What feminism means to me

I have considered myself to be a feminist ever since I was about 6 years old. It probably has something to do with having three brothers and no sisters. The shape and form of it has changed over the years as I have grown (as well as the intensity of my ‘belief’ in it, for lack of a better term), but if asked if I consider myself to be a feminist, I will always have said “yes”.

More recently, mostly thanks to people I know from twitter, I have been giving a lot more thought to what type of feminist I am. Apparently there are a lot of different types, with distinct characteristics and aims. I did not know this until the denizens of the twittersphere educated me. I’m a physicist, so my education was focused on waves of sound and light, not waves of feminism.

Yesterday, keen to educate myself further on the topic of feminism (so I no longer have to either smile blandly or reveal my ignorance when a colleague mentions that roller derby has a third-wave feminist component), I headed to wikipedia. I probably shouldn’t have done that, because my reaction to some of the articles was much like what I imagine the reaction of  the non-mathematically inclined is to something like Stokes’ Law.

Despite my enthusiasm for learning about feminism, I have no idea where I sit on the spectrum of all things feminist. I’m a little embarrassed by this, because I consider feminism to be quite important to me. I don’t quite have the vocabulary to express my feelings as well as many others do, but I am going to have a go anyway.

My personal feminism has strong components of choice and freedom. Women should not attain different levels of respect depending on whether or not they have kids, or whether or not they have a career. There shouldn’t be rules such as you must/mustn’t wear makeup. Women should be able to embrace their inner sex kitten, but shouldn’t feel compelled to do so. There’s a whole bunch of other rules out there, but I always have trouble keeping track of them, so I’m just going to say this: women should feel free to be themselves.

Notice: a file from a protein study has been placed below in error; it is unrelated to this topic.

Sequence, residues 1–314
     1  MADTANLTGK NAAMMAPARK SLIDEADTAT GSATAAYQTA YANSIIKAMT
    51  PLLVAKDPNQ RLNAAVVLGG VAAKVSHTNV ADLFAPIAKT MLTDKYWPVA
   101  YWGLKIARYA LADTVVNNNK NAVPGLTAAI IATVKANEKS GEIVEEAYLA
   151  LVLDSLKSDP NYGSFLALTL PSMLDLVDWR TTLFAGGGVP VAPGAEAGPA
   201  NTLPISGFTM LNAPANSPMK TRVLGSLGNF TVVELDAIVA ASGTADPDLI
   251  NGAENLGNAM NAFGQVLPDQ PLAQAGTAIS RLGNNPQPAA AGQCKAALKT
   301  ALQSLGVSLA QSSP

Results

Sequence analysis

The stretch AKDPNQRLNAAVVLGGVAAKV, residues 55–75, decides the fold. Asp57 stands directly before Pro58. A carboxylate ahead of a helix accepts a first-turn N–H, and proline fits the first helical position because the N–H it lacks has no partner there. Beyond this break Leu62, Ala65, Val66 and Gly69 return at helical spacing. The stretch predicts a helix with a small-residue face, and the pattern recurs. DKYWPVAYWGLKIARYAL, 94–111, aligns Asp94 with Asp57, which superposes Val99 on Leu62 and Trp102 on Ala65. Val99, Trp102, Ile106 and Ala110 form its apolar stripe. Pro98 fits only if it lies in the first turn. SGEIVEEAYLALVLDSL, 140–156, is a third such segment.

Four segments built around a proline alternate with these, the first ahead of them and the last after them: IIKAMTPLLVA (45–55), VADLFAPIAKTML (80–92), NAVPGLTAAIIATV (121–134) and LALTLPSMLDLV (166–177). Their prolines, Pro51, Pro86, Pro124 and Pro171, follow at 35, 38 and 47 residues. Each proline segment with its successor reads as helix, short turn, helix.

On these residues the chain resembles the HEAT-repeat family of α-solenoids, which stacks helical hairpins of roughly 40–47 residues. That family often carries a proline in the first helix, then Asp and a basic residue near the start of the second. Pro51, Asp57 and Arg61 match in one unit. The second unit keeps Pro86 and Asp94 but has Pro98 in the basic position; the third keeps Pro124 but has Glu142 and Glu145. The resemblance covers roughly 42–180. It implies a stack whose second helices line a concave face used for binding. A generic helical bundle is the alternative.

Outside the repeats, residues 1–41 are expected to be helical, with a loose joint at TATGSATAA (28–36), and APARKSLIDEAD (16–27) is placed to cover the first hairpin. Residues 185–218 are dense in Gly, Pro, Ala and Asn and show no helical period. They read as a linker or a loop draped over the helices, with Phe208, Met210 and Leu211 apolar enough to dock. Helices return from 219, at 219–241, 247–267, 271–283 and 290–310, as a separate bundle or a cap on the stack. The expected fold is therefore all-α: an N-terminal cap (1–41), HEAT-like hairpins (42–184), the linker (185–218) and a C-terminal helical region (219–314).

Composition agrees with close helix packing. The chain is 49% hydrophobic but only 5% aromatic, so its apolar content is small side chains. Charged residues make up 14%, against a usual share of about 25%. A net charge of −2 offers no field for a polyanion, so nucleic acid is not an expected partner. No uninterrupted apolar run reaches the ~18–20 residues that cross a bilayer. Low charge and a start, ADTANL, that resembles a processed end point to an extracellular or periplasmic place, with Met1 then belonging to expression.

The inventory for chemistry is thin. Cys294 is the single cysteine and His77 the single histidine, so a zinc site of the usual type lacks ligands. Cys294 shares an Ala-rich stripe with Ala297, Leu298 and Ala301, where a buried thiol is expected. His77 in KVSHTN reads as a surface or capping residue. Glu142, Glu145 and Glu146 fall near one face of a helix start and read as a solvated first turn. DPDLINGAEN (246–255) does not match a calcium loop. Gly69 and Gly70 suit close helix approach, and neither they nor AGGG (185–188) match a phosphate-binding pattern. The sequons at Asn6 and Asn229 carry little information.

My feminism also includes men. Men should have the same choices available that I think women should (one that springs to mind here is the choice to stay at home with children, and the choice to not have a high-powered career if that doesn’t appeal). Men should be allowed to be feminists if that’s how they feel.

My feminism also involves acknowledging that things are not yet equal. A while ago I read a book called “The Hidden Brain” by Shankar Vedantam. It includes a chapter called “The Invisible Current” which uses the analogy of swimming with or against the current to describe how many people experience sexism. From the book:

Most of us – men and women – will never consciously experience the undercurrent of sexism that runs through our world. Those who travel with the current will always feel they are good swimmers; those who swim against the current may never realize they are better swimmers than they imagine. We may have out suspicions, but we cannot know for sure, because most men will never experience life as a women and most women will never know what it is like to be a man.